I've met lots of friends through the blogosphere, but one of my nearest and dearest is Darcy. Our blogs are very different, but our backgrounds are very similar. We both worked in biglaw, we both left it to stay home with our kids, we both live in the DC area, and we both enjoy a good cocktail.
It was over one of these cocktails last week that she mentioned to me an article she read where the author argues that women who plan to stay at home with their kids do not deserve an education, because they are taking the spot of someone who will better use that opportunity for a real career.
I rolled my eyes, but I didn't get too angered by it. After all, I've heard this before - from articles, from message boards, from the look on people's faces when I tell them I quit my job. I've heard it on this blog, through a comment that caused me to write a whole post in horrified opposition. (Said comment, in case you don't feel like clicking on the link, went something like: "I wonder if [your] coveted law school spot would have been better spent on someone who needed [a law firm job] and would more likely stick with it.").
I try not to get too angry over this stuff anymore. I figure it is just the rants of ignorant, chauvinistic kooks, and why should I even spend my time thinking about what they have to say?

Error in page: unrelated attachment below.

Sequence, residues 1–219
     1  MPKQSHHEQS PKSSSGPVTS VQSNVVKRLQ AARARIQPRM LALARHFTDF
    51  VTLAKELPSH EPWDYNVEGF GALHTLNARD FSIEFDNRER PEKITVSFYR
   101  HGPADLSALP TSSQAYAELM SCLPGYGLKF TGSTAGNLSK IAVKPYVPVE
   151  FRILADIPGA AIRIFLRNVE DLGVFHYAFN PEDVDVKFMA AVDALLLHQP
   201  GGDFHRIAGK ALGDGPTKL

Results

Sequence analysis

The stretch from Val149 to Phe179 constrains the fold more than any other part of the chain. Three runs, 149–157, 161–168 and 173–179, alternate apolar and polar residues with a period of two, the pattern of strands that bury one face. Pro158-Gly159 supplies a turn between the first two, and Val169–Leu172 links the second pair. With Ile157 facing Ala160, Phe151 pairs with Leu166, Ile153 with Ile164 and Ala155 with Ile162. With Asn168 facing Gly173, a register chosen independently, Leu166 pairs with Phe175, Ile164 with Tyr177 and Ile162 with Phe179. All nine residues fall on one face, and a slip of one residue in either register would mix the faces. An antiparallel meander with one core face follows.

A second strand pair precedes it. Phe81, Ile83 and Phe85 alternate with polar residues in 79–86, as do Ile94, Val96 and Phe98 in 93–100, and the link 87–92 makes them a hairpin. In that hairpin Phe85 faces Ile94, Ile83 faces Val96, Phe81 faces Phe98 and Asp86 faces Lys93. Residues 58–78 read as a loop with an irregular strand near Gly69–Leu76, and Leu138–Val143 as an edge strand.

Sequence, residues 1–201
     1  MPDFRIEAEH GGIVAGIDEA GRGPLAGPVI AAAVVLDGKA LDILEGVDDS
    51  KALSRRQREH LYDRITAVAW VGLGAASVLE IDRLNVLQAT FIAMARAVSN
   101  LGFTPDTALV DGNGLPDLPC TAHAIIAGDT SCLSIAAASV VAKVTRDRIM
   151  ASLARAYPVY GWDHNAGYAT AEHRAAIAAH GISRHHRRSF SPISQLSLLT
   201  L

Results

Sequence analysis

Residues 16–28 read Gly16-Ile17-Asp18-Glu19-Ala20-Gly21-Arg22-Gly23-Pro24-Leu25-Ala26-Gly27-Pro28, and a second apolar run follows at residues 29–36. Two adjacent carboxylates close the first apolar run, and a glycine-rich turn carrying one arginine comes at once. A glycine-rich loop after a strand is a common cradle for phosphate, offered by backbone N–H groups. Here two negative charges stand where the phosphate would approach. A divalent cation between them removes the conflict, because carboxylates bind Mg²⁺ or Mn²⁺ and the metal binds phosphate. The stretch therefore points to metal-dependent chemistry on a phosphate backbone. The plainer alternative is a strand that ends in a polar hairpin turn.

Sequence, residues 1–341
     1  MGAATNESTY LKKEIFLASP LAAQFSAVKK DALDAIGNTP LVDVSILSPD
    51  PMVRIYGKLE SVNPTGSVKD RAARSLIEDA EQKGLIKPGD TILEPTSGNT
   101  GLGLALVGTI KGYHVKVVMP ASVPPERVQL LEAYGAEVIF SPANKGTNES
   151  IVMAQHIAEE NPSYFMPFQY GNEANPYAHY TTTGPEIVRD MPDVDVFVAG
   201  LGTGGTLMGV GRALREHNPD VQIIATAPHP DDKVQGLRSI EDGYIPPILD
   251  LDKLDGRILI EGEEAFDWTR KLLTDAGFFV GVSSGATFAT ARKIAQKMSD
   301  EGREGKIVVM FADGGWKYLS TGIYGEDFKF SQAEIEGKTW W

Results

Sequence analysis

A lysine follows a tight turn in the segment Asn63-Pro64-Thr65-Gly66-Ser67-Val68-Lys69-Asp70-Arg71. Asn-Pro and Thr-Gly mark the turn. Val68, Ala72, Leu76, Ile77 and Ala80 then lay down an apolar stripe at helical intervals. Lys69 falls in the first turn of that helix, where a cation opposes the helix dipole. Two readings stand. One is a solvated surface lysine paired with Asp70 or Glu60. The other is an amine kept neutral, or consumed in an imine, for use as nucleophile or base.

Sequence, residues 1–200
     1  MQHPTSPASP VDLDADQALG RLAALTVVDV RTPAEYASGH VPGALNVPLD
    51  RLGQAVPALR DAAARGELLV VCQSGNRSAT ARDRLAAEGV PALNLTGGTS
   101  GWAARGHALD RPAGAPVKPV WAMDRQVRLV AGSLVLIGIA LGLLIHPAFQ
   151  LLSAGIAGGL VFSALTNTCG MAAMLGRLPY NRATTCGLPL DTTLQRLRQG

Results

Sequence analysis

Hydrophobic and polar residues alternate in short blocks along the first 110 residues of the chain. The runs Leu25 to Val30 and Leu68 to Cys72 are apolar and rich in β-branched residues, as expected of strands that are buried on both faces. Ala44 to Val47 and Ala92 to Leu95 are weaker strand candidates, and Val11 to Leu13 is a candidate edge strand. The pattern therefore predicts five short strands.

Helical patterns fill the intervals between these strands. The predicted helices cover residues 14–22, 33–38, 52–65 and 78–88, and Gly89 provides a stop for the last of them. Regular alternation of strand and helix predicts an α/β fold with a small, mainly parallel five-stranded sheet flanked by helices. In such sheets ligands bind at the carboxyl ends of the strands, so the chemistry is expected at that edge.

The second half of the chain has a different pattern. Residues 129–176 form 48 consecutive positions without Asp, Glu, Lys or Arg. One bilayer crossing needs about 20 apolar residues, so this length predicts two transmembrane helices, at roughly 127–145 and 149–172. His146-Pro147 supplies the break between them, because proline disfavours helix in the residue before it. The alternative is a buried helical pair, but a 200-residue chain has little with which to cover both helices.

But then today, my friend Darcy wrote an eloquent, well written, and reasoned post in response to the article she had mentioned to me. She linked the aforementioned article, and I read it. And I had to write this post. I just can't help myself.
The article is written by Vivia Chen, who writes the blog, The Careerist. It is a very popular blog, and one that I read from time to time. I have even emailed Ms. Chen in the past, pitching some blog posts (none of which she has ever picked up - but I promise I have not held it against her!). I have always respected her - she is a former corporate lawyer, a mother, and runs a very successful blog.
The fact that these words came from her keyboard floored me:
"[The future stay at home moms] of the world are squandering their privileged education. In fact, they are taking away seats from other brilliant kids who might actually need an [Ivy League] degree to achieve their dreams."
This is disgusting on so many levels, and Darcy does an excellent job explaining why - I highly suggest you read her post (click here).
I am disgusted, but I am also sad. I'm sad that this argument comes from a woman - a woman who I respected, who has a background similar to mine. A woman who is a former lawyer, who writes a blog, who tucks her kids in at night. A woman who has a voice - an educated, well written, widely heard one. A woman who looks at me and thinks my education was a waste - that I never deserved to be there, that I cheated others in the process.
It's just another example of women tearing each other down, when really we should be fighting for each other - building each other up. We should be fighting for better work life balance, for better part time opportunities, for better parental leaves which encourage women to stay in the workforce.
We certainly shouldn't be arguing that women shouldn't be getting an education in the first place.
Don't we women face enough hurdles as is?
I just think it's sad.